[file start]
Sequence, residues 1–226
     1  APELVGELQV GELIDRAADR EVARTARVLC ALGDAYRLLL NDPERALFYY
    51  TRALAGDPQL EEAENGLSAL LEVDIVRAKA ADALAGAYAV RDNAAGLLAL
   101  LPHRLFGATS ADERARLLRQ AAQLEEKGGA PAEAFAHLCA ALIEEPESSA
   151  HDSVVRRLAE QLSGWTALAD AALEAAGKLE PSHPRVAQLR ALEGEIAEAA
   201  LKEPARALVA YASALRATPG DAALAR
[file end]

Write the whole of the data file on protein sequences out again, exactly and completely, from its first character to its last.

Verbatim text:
Sequence, residues 1–226
     1  APELVGELQV GELIDRAADR EVARTARVLC ALGDAYRLLL NDPERALFYY
    51  TRALAGDPQL EEAENGLSAL LEVDIVRAKA ADALAGAYAV RDNAAGLLAL
   101  LPHRLFGATS ADERARLLRQ AAQLEEKGGA PAEAFAHLCA ALIEEPESSA
   151  HDSVVRRLAE QLSGWTALAD AALEAAGKLE PSHPRVAQLR ALEGEIAEAA
   201  LKEPARALVA YASALRATPG DAALAR